"How Seattle Is Dismantling a NIMBY Power Structure"

Next City | April 3, 2017

At a time when rents are soaring and development is more contentious than ever before, a little-known city agency is rethinking its role in neighborhood planning.

For decades, activist homeowners have held virtual veto power over nearly every decision on Seattle’s growth and development.


"Younger Bay Area residents support new housing, but older generation is more hostile"

SF Business Times | April 2, 2017

Younger residents are more likely to support new housing projects than older groups in the Bay Area, according to an annual poll from the Bay Area Council.

Seventy percent of millennials were in favor of building more housing in their own neighborhood, while only 57 percent of residents age 40 to 64 supported additional homes near them.


"31 percent of SF millennials live with their parents"

SF Curbed | March 23, 2017

Bay Area is mecca for people ages 18-34, and a plurality of them live with their parents

According to the real estate site Realtor.com, San Francisco and San Jose are the ninth and tenth most popular city for Millennials. (Here defined as those between 25 and 34.)


"Berkeley’s New Progressive Majority Gets Serious About Homelessness Solutions"

East Bay Express | March 22, 2017

Longstanding activists surprised, encouraged by micro-dwelling and ‘Pathways’ project.

Berkeley’s new, progressive-majority City Council is moving quickly to prioritize homelessness issues — and advocates say it’s almost too good to be true.

“They’re hoping it’s going to happen, but they don’t believe it,” said homeless resident and activist Mike Lee, on some of Berkeley’s recent policy proposals.


"Unlike East Bay Neighbors, SF Isn’t Sold On Pre-Fab Micro-Housing For Homeless"

Hoodline | March 22, 2017

Last month, the city councils of Oakland and Berkeley approved initiatives to develop modular units to house homeless individuals; however, despite San Francisco’s own efforts to manage its homeless population amidst a housing crisis, the city isn’t taking the same steps as its East Bay neighbors.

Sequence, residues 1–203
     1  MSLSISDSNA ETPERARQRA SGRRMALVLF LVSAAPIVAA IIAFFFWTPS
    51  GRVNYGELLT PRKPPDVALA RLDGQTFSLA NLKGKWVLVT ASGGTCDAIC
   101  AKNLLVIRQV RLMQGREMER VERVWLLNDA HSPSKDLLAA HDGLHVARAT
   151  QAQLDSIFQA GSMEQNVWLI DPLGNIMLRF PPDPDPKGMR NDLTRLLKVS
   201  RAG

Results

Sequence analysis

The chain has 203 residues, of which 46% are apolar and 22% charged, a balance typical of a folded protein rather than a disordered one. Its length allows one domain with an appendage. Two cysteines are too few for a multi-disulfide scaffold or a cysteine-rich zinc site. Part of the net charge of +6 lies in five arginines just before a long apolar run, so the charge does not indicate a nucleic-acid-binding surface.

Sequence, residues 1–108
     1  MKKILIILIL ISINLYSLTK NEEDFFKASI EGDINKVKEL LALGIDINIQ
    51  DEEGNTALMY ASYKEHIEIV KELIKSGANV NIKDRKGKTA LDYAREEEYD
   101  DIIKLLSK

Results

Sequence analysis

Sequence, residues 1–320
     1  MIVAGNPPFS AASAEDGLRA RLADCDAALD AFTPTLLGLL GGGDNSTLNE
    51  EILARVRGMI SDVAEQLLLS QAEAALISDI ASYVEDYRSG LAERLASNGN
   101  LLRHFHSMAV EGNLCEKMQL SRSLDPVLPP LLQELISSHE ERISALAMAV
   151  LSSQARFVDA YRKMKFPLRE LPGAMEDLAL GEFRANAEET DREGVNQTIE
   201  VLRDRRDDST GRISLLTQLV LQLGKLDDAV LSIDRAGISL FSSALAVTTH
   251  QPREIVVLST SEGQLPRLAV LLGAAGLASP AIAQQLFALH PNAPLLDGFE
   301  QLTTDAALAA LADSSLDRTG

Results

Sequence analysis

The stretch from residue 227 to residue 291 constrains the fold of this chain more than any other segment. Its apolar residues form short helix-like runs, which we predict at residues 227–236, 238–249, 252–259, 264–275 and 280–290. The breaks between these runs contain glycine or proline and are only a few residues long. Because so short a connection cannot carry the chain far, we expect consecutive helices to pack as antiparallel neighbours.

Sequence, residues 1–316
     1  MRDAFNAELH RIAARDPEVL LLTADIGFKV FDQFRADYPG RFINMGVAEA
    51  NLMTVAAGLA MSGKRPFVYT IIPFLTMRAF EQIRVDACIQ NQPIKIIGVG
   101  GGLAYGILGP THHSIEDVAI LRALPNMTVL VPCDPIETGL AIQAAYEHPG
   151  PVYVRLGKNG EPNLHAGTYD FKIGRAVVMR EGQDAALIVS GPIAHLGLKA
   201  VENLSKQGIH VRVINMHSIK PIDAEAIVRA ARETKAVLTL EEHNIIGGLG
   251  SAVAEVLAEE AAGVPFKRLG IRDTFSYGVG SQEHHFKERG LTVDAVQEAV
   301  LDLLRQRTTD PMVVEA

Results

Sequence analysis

"Announcing The Winners Of The 2017 World Changing Ideas Awards"

Fast Company | March 20, 2017

Our 25 expert judges combed through more than 1,000 entries from around the world to find the most innovative ideas to make the world better.

Here they are: the winners of the first-ever World Changing Ideas Awards. We sifted through more than 1,000 truly impressive entries to find the ones our panel of judges thought were the best combination of creative problem solving and potential to change our world for the better.


"Developer proposes 1,400 micro-units near West Oakland BART"

SF Business Times | March 6, 2017

Developer Patrick Kennedy wants to go mega with micro-units near the West Oakland BART station.

His firm, Panoramic Interests, has proposed building up to 1,459 small apartments on a roughly 3-acre site at 500 Kirkham St. — a five-minute walk from the train station.


"Is micro-unit housing a solution to California’s homelessness problem?"

Inman | March 2, 2017

As housing prices continue to rise, the issue of how to house homeless and lower-income individuals and families becomes increasingly important.

Many cities are planning or enacting legislation to fund these projects and pave the way for faster development of affordable housing projects. Microunit housing has been floated as a potential solution for years.


"Reinventing construction through a productivity revolution"

McKinsey&Company | February 28, 2017

To tranSForm the sector, action is needed in seven areas or through broader adoption of mass-production approaches.

The construction industry employs about 7 percent of the world’s working-age population and is one of the world economy’s largest sectors, with $10 trillion spent on construction-related goods and services every year.


"The Housing Crisis Is a Building Crisis"

The Atlantic CITYLAB | February 28, 2017

Construction industry productivity in the U.S. is lower today than it was in 1968—and it won’t pick up unless it can embrace modernization.

…the global housing and infrastructure crises are largely a product of a backwards construction industry—and things won’t get better until we bring it into the 21st century.